WeatherTrend360’s main business is helping retailers control their inventory, and clients include Wal-Mart, Target, Kohl’s and Coca-Cola. The consumer app offers to help shoppers decide when is best to buy goods at the best prices. Forrester Research gives it 80% accuracy, which sounds impressive, but keep in mind that means the information could be wrong once every five days.
However, some experts believe the app is probably better used for entertainment purposes only. “I don’t think people will plan any major events around what this application does,” says Andy Nyquist, personal finance and investment blogger. “It may make them more comfortable about the choices that they do make in relation to weddings and trips. But people are more likely to enjoy the entertainment factor from the application as well as using the shorter term weather forecasts.”
Pay Dirt spoke to Capt. Kirk about the new app.
The threat of massive fines apparently isn’t enough to stop airlines from stranding passengers on the tarmac. On Saturday, some 100 JetBlue passengers and an unspecified number on American Airlines flights were left stuck on a runway at Bradley Airport in Hartford, CT. for seven hours during the snow storm.
These incidents raise the question: Are new Department of Transportation rules enough? They stipulate that airlines can incur maximum fines of a staggering $27,500 per passenger if planes sit on the tarmac for more than three hours on domestic U.S. flights. (In JetBlue’s case, passengers were stranded without adequate food, water or functioning restrooms. American Airlines say passengers had food and beverages.)
The amount of any airline fine depends on a number of factors, including the seriousness of the violation and harm caused to consumers, the carrier’s compliance disposition and ability to pay, says Bill Mosley, a Department of Transport spokesman.
The Department of Transportation fined online travel company Orbitz $60,000 on Tuesday for misleading advertisements that failed to mention taxes and fees, and in some cases, promoted fares which were no longer available.
Orbitz blamed the ads, which appeared in early 2011, on a computer “glitch.” Consumers selecting discounted fares advertised by the site were instead taken to a page where different rates was displayed.
To be fair to Orbitz, this is the first time in the company’s 10-year history it’s been hit with such a fine. “Orbitz is in compliance with Department of Transportation advertising requirements and the glitch that resulted in how fares were displayed for a short period of time earlier this year has been addressed,” Orbitz spokesman Chris Chiames said in a statement. But Air Canada, Spirit, JetBlue, United Airways, Continental have all been hit with fines for failing to inform passengers of various charges.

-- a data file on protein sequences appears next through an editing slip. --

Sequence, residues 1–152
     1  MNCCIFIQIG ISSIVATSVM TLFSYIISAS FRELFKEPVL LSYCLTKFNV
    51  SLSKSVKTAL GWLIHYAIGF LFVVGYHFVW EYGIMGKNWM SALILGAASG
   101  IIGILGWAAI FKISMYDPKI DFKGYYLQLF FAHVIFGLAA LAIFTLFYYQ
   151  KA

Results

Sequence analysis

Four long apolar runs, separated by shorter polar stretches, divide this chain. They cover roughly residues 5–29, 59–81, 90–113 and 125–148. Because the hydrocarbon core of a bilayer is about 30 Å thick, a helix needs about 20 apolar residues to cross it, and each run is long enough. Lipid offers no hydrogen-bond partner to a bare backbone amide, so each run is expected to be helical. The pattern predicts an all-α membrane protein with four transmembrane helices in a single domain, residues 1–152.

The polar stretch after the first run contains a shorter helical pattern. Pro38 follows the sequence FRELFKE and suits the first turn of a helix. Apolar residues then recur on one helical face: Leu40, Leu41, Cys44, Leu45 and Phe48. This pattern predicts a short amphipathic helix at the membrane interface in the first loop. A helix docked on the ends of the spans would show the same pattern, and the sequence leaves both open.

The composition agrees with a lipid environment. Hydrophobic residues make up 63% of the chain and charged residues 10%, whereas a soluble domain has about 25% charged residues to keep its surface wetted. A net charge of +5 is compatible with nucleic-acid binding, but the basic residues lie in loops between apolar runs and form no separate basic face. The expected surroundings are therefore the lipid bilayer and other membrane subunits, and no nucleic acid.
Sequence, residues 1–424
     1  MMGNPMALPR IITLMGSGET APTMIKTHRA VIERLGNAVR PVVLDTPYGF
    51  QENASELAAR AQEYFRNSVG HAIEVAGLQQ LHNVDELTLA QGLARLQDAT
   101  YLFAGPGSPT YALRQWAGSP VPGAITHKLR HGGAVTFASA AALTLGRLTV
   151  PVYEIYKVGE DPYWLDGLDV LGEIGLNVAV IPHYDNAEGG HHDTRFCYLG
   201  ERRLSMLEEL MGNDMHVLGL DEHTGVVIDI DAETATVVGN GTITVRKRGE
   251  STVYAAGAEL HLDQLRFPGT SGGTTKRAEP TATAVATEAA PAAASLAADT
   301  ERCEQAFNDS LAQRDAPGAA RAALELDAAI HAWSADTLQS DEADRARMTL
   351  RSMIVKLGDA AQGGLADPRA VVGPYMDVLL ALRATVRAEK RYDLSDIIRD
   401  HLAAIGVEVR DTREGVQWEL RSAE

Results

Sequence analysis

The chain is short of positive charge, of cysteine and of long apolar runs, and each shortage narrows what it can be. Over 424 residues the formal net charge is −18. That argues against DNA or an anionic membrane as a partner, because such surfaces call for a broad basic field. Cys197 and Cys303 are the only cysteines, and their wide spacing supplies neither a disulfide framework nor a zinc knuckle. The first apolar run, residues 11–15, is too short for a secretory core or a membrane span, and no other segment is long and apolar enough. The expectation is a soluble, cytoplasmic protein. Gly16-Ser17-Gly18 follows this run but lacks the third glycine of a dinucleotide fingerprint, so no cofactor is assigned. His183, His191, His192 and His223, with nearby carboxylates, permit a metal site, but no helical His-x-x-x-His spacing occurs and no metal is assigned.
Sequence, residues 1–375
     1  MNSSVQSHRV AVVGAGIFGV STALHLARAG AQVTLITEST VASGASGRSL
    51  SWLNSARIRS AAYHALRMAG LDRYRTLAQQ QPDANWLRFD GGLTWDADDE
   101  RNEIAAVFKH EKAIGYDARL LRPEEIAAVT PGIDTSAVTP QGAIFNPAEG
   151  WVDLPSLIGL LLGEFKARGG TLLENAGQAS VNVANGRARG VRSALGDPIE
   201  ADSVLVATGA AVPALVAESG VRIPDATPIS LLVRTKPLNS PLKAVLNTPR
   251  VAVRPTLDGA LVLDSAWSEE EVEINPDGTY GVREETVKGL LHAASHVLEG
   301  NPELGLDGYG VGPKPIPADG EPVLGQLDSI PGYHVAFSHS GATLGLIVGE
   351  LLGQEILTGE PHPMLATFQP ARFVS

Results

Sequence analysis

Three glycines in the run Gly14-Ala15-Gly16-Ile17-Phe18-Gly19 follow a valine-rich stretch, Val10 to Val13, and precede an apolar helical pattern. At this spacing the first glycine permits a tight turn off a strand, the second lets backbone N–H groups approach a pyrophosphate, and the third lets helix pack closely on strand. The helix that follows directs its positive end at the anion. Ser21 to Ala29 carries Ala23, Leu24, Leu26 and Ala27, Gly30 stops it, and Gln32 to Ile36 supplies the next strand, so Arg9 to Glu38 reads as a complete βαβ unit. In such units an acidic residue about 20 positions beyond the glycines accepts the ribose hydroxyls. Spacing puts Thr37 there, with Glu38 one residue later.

Accidents are relatively uncommon on commercial flights, but that could change if Ryanair’s plan to remove two-thirds of its bathrooms catches on.
With each bathroom creating room for three seats, the European discount carrier, which is known for proposing bizarre cost-cutting measures, says it could save passengers $6 on a $120 ticket. “It would fundamentally lower air fares by about 5% for all passengers,” CEO Michael O’Leary told The Independent. “We’re trying to push Boeing to re-certify the aircraft for six more seats, particularly for short-haul flights — we very rarely use all three toilets on board our aircraft anyway.”
Attention, nervous flyers: It may be time to buckle up and use your American Airlines miles. Shares at the airline plummeted by one-third Monday amid fears that it will seek Chapter 11 bankruptcy protection. As investors panicked and sold their shares, its 67 million frequent flyer members around the world were also left with a worrying question: In a worst-case scenario, will all those hard-earned miles be lost? The bad news: When airlines file for liquidation, loyal customers are usually among the last on the long list of creditors to be reimbursed. Experts say nearly all other major debts will be paid before these rewards are redeemed.
But there are exceptions: when the carrier is taken over or when air miles are part of a code-sharing deal with another airline. For instance, when PanAm went into liquidation in 1991, Delta Air Lines honored the leftover air miles when it took over the airline’s assets. And when Hawaii’s Aloha Airlines went bust in 2008, United Airlines honored flights booked as part of its code-sharing agreement. United also honored its own frequent flyers when it filed for bankruptcy protection in 2002. Tim Winship, founder of FrequentFlier.com, says AA’s air miles would likely be sold to another airline even if it went into liquidation: “It’s one of AA’s most valuable assets.”
Pay Dirt examines the millions of consumer decisions Americans make every day: What to buy, how much to pay, whether to rave or complain. Lead written by Quentin Fottrell, the blog examines these interactions, providing readers with news, insight and tips on shopping, spending, customer service, and companies that do right – and wrong – by their customers. Send items, questions and comments to email@example.com or tweet @SMPayDirt.